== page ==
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Which clippings match 'Philip K. Dick' keyword pg.1 of 1
09 NOVEMBER 2013

Design Fiction, Science Fiction and Literary Criticism

"Design Fiction is a recent spin–off of Science Fiction, directly inspired by many of the imagined worlds of writers like Bruce Sterling, William Gibson, J.G. Ballard and others. It sets out to do many of the same things as Sci–Fi does, but in a more concrete way, by introducing real physical objects or real sets of rules and scenarios which require the participation (direct or indirect, voluntary or involuntary) of users, beyond just their emotional and intellectual engagement. In this way Design Fiction can 'test' objects or tools or storylines that Science Fiction, until recently, has not been able to. A literary work, has (in general) been a fixed text until very recently, and so even though readers have enjoyed many different readings and interpretations, the author has not been able to adapt or react to their responses. Design Fiction allows the inventor or storytellers to adapt their scenario as it evolves and as the users or participants give their reactions."

(Charles Beckett, How to Think About The Future)

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TAGS

alternative possible futures • Bruce Sterling • conscious metaphor • design fictiondigital technologyfictional setting • future speculation • future technologiesfuturologyInanimate AliceJ G Ballard • Jake Dugarden • Julian Bleeckerliterary criticismMichio Kaku • nascent practice • Near Future Laboratory • PerplexCity (project) • Philip K. Dickphilosophical questionsPhysics of the Impossible (2008)prototypingSascha Pohfleppsci-fi • sci-fi science • science fictionspeculative designspeculative physicsspeculative prototypesStar TrekStar Warstest concepts • test out • test your ideas • what-if scenarios • William Gibson • World Without Oil (project)

CONTRIBUTOR

Liam Birtles
09 NOVEMBER 2003

Minority Report: pre-crime and information integrity

"In futuristic Washington, D.C., a system is established that can accurately predict when criminals are going to commit murder or violent crimes. This system, known as 'Pre–Crime', was set up by the respectable Lamar Burgess (Max von Sydow) and uses the abilities of a set of 3 special individuals known as 'Pre–Cogs'. These individuals, through visions or dreams, can see into the future and give a prediction of when a violent crime will occur, usually accurate to the second.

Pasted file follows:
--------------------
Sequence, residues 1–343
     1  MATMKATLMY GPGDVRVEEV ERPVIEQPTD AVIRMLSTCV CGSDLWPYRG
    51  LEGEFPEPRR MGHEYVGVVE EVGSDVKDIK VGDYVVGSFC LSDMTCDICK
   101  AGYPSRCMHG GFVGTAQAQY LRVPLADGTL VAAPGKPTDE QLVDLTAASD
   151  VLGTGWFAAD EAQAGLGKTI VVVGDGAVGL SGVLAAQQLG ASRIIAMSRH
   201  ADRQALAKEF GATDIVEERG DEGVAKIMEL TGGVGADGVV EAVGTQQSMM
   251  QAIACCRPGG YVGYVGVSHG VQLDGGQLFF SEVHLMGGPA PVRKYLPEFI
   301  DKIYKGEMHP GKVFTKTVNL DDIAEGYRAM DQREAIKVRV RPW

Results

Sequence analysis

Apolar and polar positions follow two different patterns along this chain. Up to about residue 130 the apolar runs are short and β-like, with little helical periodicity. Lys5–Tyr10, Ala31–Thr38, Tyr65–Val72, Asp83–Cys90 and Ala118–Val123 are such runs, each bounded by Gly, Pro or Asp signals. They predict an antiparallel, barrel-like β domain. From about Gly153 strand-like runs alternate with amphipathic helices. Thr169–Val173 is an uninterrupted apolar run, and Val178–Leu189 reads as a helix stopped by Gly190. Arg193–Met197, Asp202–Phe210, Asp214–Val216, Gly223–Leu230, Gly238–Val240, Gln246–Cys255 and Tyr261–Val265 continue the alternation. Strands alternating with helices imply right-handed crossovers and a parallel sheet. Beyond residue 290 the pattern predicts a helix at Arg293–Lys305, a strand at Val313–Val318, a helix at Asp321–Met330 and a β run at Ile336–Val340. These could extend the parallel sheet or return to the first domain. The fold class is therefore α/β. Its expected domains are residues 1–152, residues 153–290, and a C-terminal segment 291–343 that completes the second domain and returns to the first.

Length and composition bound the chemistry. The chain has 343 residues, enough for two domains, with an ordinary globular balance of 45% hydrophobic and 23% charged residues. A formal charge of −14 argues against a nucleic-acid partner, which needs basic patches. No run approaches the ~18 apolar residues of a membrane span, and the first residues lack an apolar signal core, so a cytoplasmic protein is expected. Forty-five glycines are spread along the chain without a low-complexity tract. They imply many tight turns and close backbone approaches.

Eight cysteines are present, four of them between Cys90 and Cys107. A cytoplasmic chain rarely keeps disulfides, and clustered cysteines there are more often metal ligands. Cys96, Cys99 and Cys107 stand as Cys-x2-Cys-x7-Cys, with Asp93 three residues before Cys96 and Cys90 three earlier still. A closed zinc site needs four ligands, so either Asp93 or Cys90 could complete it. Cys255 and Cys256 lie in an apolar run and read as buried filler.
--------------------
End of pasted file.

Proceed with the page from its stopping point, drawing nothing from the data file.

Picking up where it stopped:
However, John Anderton (Tom Cruise), the head of 'Pre–Crime', is envisioned to have committed the future murder of a man he has never met before, and before he can be apprehended, he sets out headstrong to solve the mystery of this murder before it inevitably happens. As precious time ticks away, and consistencies with the 'pre–cog' visions become more and more prevalent, Anderton realises that the only way he will be able to solve the mystery, is to get the 'minority report' from the female pre–cog Agatha (Samantha Morton).

The 'minority report' is a vision that only one of the pre–cogs can see. In the system, all 3 pre–cogs see the same vision the vast majority of the time, however, on occasion, the female Agatha, who has been found to be the most talented of the 3, sees something different than the other 2, but this is usually disregarded in order to preserve the credibility of the system."

(Kim Bartlett)

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TAGS

2002authority • clairvoyance • controlcrime fictiondatadisciplineethical contextextrasensory perceptionfuturisticgesture devicehaptic interface • information integrity • lawMax von SydowMinority Reportmonitoringmulti-touch screenpanopticon • parapsychological phenomena • Philip K. Dick • pre-cog • pre-crime • pre-visualisation • predict • prisonprisoner • psychic detective • punishmentregulation • Samantha Morton • sci-fispeculative designSteven Spielberg • Tom Cruise • truthvisualisation
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